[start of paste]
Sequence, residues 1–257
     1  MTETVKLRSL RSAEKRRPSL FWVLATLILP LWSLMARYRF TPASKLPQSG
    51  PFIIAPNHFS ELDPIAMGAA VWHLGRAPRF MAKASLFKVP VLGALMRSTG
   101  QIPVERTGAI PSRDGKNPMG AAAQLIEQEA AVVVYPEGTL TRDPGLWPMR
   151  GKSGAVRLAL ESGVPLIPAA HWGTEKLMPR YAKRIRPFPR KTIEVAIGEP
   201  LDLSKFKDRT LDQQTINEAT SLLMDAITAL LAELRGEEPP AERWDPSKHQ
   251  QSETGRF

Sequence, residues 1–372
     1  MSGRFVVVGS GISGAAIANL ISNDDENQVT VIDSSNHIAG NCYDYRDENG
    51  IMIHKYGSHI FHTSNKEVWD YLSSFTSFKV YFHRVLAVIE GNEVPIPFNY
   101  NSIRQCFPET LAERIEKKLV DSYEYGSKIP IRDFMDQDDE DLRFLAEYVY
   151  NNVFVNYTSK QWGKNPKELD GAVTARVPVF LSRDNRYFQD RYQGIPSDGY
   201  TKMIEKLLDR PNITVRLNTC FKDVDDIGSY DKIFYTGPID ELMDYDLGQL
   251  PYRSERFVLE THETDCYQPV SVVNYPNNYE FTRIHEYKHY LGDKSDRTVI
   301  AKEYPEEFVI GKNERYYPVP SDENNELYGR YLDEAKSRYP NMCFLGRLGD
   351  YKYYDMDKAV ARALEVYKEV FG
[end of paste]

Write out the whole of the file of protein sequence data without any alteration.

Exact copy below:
Sequence, residues 1–257
     1  MTETVKLRSL RSAEKRRPSL FWVLATLILP LWSLMARYRF TPASKLPQSG
    51  PFIIAPNHFS ELDPIAMGAA VWHLGRAPRF MAKASLFKVP VLGALMRSTG
   101  QIPVERTGAI PSRDGKNPMG AAAQLIEQEA AVVVYPEGTL TRDPGLWPMR
   151  GKSGAVRLAL ESGVPLIPAA HWGTEKLMPR YAKRIRPFPR KTIEVAIGEP
   201  LDLSKFKDRT LDQQTINEAT SLLMDAITAL LAELRGEEPP AERWDPSKHQ
   251  QSETGRF

Sequence, residues 1–372
     1  MSGRFVVVGS GISGAAIANL ISNDDENQVT VIDSSNHIAG NCYDYRDENG
    51  IMIHKYGSHI FHTSNKEVWD YLSSFTSFKV YFHRVLAVIE GNEVPIPFNY
   101  NSIRQCFPET LAERIEKKLV DSYEYGSKIP IRDFMDQDDE DLRFLAEYVY
   151  NNVFVNYTSK QWGKNPKELD GAVTARVPVF LSRDNRYFQD RYQGIPSDGY
   201  TKMIEKLLDR PNITVRLNTC FKDVDDIGSY DKIFYTGPID ELMDYDLGQL
   251  PYRSERFVLE THETDCYQPV SVVNYPNNYE FTRIHEYKHY LGDKSDRTVI
   301  AKEYPEEFVI GKNERYYPVP SDENNELYGR YLDEAKSRYP NMCFLGRLGD
   351  YKYYDMDKAV ARALEVYKEV FG